A Writer's Process: Sophie van Llewyn

I love to write on the huge couch in my living room, with my computer in my lap, reclining my back on the multitude of soft pillows .

However, that isn’t really an option any more since I became pregnant , so minor adjustments have had to be made.

When do I write? Being a doctor, my schedule is quite chaotic. During vacations, I write 4-6 hours per day, but when I have to work, I am only able to write on week-end for a few hours.

I find writing a very rewarding experience and sometimes I manage to enter that state when I am ‘on a row’ and the ideas keep flowing. I often try no to be over-conscious about my writing and let my unconscious do the job, too, with very surprising results. Not once had I looked at the computer in front of me after committing something to paper and wondered ‘Where did that come from?’

The greatest surprise was the ending of my novel.

First of all, my leading character ended up in a totally different place than what I had expected as I began to write the book, and second , she did something which I didn’t entirely approve of.

I had invested certain qualities and features in her, and at some point in the story, she began doing whatever she wanted and not what suited me. However, this only made me happier with the final result. My character was so strong and came to be so alive in my mind, that she actually did things her way, in the end.

I sometimes find it difficult to choose the perfect words in order to convey an idea I have in my mind.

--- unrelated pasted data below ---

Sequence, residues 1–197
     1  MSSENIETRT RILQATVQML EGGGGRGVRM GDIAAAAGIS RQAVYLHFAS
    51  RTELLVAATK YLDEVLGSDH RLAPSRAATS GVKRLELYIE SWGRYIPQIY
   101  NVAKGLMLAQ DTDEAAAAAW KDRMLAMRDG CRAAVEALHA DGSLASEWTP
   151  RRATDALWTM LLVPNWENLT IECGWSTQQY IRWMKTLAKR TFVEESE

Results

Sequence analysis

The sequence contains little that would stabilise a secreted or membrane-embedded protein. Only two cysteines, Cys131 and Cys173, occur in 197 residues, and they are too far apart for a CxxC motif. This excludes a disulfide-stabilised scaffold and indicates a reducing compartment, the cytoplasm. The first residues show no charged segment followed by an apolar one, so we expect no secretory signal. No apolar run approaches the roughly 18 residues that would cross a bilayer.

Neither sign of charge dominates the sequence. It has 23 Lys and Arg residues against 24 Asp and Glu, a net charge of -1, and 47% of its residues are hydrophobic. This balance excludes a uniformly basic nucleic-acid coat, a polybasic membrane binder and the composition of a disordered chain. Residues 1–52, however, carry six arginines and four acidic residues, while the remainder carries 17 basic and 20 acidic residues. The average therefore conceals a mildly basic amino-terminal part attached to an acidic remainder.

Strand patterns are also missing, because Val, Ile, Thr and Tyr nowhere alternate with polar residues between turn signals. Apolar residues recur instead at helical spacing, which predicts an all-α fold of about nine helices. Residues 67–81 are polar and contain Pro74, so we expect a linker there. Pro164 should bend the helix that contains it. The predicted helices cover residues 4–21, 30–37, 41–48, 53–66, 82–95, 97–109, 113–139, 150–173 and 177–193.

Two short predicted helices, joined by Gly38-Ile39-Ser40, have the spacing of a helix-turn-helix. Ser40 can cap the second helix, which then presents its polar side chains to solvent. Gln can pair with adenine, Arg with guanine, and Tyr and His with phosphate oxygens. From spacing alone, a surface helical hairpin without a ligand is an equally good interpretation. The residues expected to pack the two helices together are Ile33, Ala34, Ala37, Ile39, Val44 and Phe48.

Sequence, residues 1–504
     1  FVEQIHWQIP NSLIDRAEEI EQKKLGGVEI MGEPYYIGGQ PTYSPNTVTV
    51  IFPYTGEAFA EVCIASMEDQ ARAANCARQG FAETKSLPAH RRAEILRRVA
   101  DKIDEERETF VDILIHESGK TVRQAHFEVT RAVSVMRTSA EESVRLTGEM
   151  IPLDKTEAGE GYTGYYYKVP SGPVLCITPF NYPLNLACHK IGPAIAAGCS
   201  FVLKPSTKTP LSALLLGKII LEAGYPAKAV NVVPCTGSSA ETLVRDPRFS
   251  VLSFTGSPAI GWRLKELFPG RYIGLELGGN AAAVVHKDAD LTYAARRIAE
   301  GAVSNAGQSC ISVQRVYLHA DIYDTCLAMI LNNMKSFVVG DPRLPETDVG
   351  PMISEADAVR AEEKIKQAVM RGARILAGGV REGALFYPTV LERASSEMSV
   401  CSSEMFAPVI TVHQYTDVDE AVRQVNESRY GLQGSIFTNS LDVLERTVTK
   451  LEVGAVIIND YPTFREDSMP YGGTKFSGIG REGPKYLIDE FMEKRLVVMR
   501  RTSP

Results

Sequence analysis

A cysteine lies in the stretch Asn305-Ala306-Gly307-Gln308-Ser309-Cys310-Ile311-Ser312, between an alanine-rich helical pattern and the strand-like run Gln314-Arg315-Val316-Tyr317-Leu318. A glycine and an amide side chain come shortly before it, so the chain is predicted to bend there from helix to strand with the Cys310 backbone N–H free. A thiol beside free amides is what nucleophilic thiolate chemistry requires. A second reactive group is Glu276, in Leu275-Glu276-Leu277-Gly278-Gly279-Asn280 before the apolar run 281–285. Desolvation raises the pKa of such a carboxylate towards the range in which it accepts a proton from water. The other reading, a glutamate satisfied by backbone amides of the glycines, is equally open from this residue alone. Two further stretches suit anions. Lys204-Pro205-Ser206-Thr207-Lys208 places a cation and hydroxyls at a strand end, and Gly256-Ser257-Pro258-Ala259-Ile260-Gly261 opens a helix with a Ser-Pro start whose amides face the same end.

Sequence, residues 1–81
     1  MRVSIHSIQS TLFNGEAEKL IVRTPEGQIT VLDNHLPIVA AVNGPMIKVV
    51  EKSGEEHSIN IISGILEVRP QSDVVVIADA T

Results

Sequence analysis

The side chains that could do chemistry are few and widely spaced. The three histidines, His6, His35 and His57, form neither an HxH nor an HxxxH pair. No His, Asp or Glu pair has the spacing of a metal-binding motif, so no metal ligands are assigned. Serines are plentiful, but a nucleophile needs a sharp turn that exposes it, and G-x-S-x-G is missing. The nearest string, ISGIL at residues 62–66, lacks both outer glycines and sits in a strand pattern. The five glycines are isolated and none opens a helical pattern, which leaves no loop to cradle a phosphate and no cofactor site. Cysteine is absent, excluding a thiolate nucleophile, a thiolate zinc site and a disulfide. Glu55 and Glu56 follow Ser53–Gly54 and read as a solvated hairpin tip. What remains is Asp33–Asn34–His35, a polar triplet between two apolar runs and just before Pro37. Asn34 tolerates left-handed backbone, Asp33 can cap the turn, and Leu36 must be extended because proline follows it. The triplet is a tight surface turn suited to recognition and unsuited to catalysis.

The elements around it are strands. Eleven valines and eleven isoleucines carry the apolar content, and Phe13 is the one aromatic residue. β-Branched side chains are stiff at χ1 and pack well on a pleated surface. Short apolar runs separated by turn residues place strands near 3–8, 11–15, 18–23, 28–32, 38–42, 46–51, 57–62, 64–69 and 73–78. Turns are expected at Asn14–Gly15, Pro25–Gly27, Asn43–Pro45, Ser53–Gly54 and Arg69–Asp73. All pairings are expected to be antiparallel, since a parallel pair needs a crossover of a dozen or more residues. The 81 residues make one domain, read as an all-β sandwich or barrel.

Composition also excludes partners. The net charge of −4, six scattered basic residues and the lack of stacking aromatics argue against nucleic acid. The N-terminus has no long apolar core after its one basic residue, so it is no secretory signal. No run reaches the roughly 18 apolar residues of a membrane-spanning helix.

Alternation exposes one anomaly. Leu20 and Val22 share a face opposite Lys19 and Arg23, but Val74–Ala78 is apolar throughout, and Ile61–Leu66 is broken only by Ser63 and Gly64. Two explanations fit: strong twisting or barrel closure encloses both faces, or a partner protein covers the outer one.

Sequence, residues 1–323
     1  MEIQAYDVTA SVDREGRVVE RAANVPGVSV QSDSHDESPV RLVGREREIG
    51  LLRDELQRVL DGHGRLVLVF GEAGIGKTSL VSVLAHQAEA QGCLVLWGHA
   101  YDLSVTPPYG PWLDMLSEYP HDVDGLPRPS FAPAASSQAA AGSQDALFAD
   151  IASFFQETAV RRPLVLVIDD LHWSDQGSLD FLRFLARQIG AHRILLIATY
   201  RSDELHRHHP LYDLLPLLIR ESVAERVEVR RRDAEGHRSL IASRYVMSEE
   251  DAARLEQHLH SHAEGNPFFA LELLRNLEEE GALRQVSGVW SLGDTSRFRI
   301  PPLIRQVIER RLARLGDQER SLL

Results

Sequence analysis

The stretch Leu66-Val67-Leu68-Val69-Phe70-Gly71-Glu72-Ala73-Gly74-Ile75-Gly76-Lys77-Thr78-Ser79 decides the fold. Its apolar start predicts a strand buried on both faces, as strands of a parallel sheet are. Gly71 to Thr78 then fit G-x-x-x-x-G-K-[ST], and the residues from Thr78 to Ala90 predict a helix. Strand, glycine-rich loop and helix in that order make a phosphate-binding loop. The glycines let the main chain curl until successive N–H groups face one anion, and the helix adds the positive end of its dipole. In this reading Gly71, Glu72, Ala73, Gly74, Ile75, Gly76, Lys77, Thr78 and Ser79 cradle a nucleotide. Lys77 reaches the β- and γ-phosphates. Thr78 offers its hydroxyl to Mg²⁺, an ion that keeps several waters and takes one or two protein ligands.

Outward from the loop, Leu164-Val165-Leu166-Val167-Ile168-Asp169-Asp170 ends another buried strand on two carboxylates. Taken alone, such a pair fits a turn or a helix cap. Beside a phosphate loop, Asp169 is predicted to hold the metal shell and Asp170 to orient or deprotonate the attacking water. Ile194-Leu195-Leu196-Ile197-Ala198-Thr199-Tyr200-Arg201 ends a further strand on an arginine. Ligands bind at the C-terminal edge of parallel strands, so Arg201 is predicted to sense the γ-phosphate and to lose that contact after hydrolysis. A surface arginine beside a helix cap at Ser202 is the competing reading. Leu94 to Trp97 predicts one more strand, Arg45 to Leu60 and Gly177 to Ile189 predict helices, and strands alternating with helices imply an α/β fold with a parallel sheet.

At times, I feel that the words I have written don’t accurately express the idea I had formulated in my head. I encounter this difficulty most often when I am confronted with descriptions, landscapes, interiors, dress or countenance. I often find that the words on the computer screen don’t do justice to the Idea as I saw it with my mind’s eyes, and I find that incredibly frustrating.

I should probably mention at this point that English is a foreign language to me,

but if you would ask me now if I find it hard to write in English, I would say no. I believe that writing in my maternal language would be just as hard/easy (it is all a matter of perspective, isn’t it?)  Of course, it was difficult in the beginning, I really had trouble with the phrasing, but approx. 200,000 words later, I can’t say that I find it straining anymore. I have read somewhere , years ago , that people express themselves with far more clarity in a foreign language, because they have to search more consciously for their words. I can tell you now, from my own experience, that the statement is true.